Rod Marsh courts selection role
Rod Marsh has taken an interest in helping to lift Australian cricket out of its present rut, speaking with administrators about the possibility of joining the national selection panel.
Marsh is coming towards the end of a six-year stint as coaching director of the ICC global academy in Dubai, and is understood to have spoken to CA management about the selection panel and his desire to take part, preferably as chairman.
Formerly the head of the Australian cricket academy, now known as the Centre of Excellence (CoE), Marsh has recently spent time at the CoE in Brisbane with the Australia A and Australia squads ahead of their tours to Zimbabwe and Sri Lanka, where he and the players enjoyed plenty of rapport.
At 63, Marsh is not contemplating retirement after his stint in Dubai. Instead, he may be about to embark upon perhaps his most difficult assignment since he concluded his international career as Australia's wicketkeeper in 1984, at the time holding the world record of 355 Test dismissals.
Steve Bernard, the former selector and Australian team manager, said Marsh "ticked all the boxes" and would be an ideal fit for a selection job.
"I've always found him a very astute judge of a cricketer and very knowledgeable about the game," Bernard told ESPNcricinfo. "He's got great experience in the game, his record with the academy as it was known then was fantastic and his own pedigree in cricket's terrific, so he ticks all of the boxes really, for a man who would be capable of doing a very good job as selector."
Communication and consistent messages between players and selectors has been cited by many as an issue, most notably by Simon Katich during his furious reaction to being dropped from the list of CA contracts. Bernard said Marsh, if appointed, would speak frankly and honestly with the players he dealt with.
"I think he showed that throughout his career as a player and in his role at the academy, he was very good and it's one of his great strengths, knowledge and communication skills," he said. "He's got pretty-much all of it. So yes, he would be a man who would be very good in that role I would think."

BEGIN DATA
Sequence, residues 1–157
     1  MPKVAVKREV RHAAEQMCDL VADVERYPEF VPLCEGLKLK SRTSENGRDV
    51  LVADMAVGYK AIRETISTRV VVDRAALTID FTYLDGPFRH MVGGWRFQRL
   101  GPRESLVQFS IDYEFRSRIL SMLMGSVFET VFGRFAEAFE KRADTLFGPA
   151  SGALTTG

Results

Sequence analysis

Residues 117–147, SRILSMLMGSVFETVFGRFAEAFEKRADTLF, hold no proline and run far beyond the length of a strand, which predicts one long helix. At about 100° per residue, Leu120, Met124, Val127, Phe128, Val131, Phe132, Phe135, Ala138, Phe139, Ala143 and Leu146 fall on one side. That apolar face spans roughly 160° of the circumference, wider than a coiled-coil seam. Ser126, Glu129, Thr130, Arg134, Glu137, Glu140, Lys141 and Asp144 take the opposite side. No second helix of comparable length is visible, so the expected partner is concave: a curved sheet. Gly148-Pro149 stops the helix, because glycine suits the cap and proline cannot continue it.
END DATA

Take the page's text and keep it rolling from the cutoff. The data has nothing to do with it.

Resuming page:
Should Marsh and CA reach terms, he would replace the incumbent chairman Andrew Hilditch, who is out of contract but has been retained until the conclusion of the current review into the performance of the Australian team. There is another vacancy on the panel following the resignation of David Boon to become an ICC match referee, leaving open the possibility of a re-shuffle that precedes the release of the review findings.
Hilditch has faced heavy criticism across his tenure, particularly when he stated his panel had done "a very good job" during last summer's horrid home Ashes defeat. As recently as June, Hilditch said he had no intention of standing aside, but would do so if a better option emerged.
"I'll just keep doing it until someone wants me to stop," Hilditch said. "It's one of the greatest periods in the sense that it's just so demanding, but at the same time it's exciting for the players because they have great challenges, and we have great challenges as a selection panel to get it right.
"I've been very lucky; I didn't have much of a contribution to Australian cricket as a player, but I'm really enjoying this role, doing the best I possibly can. If someone decides there's a better way to go then I'll be fully supportive of that as well."
The most vexing matter at hand if Marsh became chairman would be the role of Greg Chappell, who as CA's national talent manager and selector seemed the man next in line to take the chair. Chappell and Marsh, former team-mates in the feared Australian teams of the 1970s and early 1980s, are both known for strong opinions and would have to reach an understanding about how the roles would work. CA had faced plenty of obstacles to the dual positions of chairman and national talent manager last summer.
Daniel Brettig is an assistant editor at ESPNcricinfo